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Stasinus, of Cyprus, poet  

Martin Litchfield West

Poet sometimes named as author of the Cypria (see epic cycle). *Pindar (fr. 265 S.-M.) already knew the story that *Homer gave Stasinus the poem as a dowry. The tale served to reconcile alternative ascriptions.



Christos Tsagalis

Neoanalysis is a method of interpreting Homeric poetry that aims to discover the sources of the Iliad and the Odyssey. Like the 19th-century analysts, neoanalysts study the genetic aspect of the Homeric poems, but instead of trying to distinguish different layers or versions (Schichtenanalyse), they seek to identify source material from other poems that preceded the received Homeric epics.

The term “neoanalysis,” coined by Kakridis,1 was invented to describe a method of interpreting Homeric epic that responds to the analytical school which dissected the Iliad and Odyssey into smaller epics in order to arrive at the “proto-Iliad” (Urilias) and “proto-Odyssey” (Urodyssee) as the genuine works of Homer. Like the analytical school, neoanalysis locates poetic inconcinnities, gaps, and narrative fissures in the text, but unlike the analytical school it does not explain them as resulting from the work of different poets who added, omitted, and changed entire scenes and episodes. Instead, neoanalysis argues that these supposed problems can be explained by the transfer of motifs (and, to a lesser extent, of phraseology) from pre-Homeric poetry. Whereas, for the analytical school, poetic quality stems solely from Homeric ingenuity, for neoanalysis it results from the highly creative interaction of Homer with earlier epic poetry.



Jonathan S. Burgess

Achilles is the grandson of Aeacus of Aigina and son of Peleus and the Nerei.d Thetis. He rules the Myrmidons of Phthia in southern Thessaly and is generally considered the best (aristos) of the Greeks in the Trojan War. In Homer’s Iliad he is said to have led fifty ships to Troy (2.681–685). The Iliad’s plot turns on his withdrawal from battle in anger at the Greek commander Agamemnon and his return to take vengeance on Hector for killing his close friend Patroclus. Many episodes in the life of Achilles, including his early life and death at Troy, were popular in Greek and Roman literature and iconography. Summaries of mythological events found in the life of Achilles can be found in the Epitome of Apollodorus and the Fabulae of Hyginus (1st century bce to 1st century ce). Reception of myths about Achilles has continued in post-antiquity.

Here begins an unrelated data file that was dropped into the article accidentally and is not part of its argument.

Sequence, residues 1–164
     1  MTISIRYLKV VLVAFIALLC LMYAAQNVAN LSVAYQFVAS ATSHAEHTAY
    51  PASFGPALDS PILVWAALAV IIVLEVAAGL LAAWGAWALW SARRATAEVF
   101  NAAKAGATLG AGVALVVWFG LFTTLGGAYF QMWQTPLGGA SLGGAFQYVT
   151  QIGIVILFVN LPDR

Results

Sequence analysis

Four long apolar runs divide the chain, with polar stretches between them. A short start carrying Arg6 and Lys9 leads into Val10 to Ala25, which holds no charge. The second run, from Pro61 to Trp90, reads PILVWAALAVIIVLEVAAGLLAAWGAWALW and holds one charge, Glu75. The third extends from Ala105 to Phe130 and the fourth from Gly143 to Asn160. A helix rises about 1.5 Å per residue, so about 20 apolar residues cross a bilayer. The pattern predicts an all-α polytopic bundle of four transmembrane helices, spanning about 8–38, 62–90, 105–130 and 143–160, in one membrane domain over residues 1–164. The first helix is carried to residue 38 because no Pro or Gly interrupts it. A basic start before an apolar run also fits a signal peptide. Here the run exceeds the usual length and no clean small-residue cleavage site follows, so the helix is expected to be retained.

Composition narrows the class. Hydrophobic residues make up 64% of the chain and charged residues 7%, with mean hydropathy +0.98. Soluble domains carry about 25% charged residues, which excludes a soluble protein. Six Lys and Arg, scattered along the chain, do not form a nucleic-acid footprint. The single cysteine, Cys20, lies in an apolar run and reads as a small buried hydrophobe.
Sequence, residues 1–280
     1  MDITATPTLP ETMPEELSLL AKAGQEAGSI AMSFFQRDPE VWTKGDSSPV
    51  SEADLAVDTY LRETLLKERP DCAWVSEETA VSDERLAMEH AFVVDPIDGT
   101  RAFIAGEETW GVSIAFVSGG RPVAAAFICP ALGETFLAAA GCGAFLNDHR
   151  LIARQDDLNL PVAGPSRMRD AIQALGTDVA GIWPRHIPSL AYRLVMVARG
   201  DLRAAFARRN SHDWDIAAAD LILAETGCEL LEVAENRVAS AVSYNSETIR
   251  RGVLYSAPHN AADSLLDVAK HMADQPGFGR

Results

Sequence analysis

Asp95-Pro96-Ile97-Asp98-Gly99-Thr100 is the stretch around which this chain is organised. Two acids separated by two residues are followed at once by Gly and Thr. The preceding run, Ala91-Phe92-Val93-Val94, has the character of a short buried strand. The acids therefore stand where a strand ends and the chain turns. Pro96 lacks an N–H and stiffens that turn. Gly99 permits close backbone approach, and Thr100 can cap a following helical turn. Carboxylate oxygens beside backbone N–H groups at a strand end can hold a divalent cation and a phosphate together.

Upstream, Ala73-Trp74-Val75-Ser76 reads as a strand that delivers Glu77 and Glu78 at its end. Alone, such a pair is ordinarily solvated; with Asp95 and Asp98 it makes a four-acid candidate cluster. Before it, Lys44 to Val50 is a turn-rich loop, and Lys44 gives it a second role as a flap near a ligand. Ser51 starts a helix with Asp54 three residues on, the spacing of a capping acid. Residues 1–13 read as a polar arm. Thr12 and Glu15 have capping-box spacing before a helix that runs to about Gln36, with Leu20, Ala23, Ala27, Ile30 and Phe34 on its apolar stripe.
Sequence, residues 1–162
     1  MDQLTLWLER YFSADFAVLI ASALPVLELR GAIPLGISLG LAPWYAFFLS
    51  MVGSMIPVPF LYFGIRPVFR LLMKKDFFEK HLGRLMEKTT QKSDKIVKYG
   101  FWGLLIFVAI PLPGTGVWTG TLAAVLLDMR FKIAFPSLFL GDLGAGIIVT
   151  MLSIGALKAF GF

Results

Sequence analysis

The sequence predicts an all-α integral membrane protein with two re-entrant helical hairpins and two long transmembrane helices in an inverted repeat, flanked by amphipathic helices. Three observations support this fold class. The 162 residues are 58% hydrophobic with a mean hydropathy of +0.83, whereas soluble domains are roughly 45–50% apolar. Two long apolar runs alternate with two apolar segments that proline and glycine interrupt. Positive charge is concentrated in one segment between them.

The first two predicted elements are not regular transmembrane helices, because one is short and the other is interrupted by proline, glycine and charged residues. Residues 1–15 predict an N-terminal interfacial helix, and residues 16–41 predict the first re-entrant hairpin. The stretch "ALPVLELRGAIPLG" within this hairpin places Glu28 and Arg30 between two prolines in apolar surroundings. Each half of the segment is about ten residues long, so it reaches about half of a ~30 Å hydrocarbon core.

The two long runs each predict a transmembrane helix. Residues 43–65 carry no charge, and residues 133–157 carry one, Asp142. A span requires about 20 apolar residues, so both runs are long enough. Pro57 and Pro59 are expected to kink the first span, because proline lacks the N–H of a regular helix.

Epic Cycle  

Jonathan Burgess

Epic Cycle refers to an ancient gathering of thematically linked epics of the Archaic Age on the origins of the gods, the Theban Wars, and the Trojan War. The poems are lost, with few fragments remaining; testimony for their contents and authors. The 9th-century ce Photius provides a general overview. Summaries of the Trojan War epics by Proclus, a 5th-century ce scholar (the date is disputed in modern scholarship), have survived in the manuscript tradition of the Iliad. The contents of the epics were popular throughout Greco-Roman antiquity.Epic Cycle (ἐπικὸς κύκλος) is the term given to a gathering of originally independent epics of the Archaic Age. The poems are mostly lost: less than a hundred and fifty lines of verse survive. Our primary source of information is a concise summary by Proclus of the Trojan war section of the Cycle, preserved in the famous 10th-centuryce manuscript of the .


Quintus Smyrnaeus, Greek epic poet, 2nd/3rd century CE  

Silvio Bär

Quintus Smyrnaeus was a poet of the late 2nd or 3rd century ce, the author of the epic poem the Posthomerica (14 books, 8,786 lines), which covers the narrative lacuna between Homer’s Iliad and the Odyssey and thus treats stories that were originally covered by the Epic Cycle. The narrative technique is more episodic and linear than that of the Homeric epics, but it does not lack plot coherence and an overarching design. The language and style is strongly Homericising: vocabulary, syntax, and the use of formulaic phrases resemble that of the Homeric epics to a large degree. At the same time, Quintus’s language is also characterised by Alexandrian traits. In a wider cultural context, Quintus belongs to the same period as the Second Sophistic, and the Posthomerica can be understood as a response to revisionist tendencies against Homer. Scholars debate the question as to whether Quintus still had access to the Epic Cycle and whether he was influenced by Roman authors, especially by Vergil’s Aeneid.


changing landscapes, human impact on  

John Bintliff

The Classical world witnessed many forms of physical landscape change due to long-term and short-term geological and climatological processes. There have also been alterations to the land surface resulting from an interaction between human impact and these natural factors. Cyclical changes in land use, agricultural technology, economy, and politics have continually transformed the rural landscapes of the Mediterranean and the wider Classical world and their mapping, in turn, can shed light on fundamental aspects of ancient society that are not always documented in Classical texts.

As with natural causes of landscape change (see changing landscapes, natural causes of), a useful approach is offered by the chronological framework developed by French historian Fernand Braudel, who envisaged the Mediterranean past as created through the interaction of dynamic forces operating in parallel but on different wavelengths of time: the long term (up to as much as thousands or millions of years, not at all in the awareness of past human agents); the medium term (centuries or more, not clearly cognisant to contemporaries); and the short term (observable within a human lifetime or less).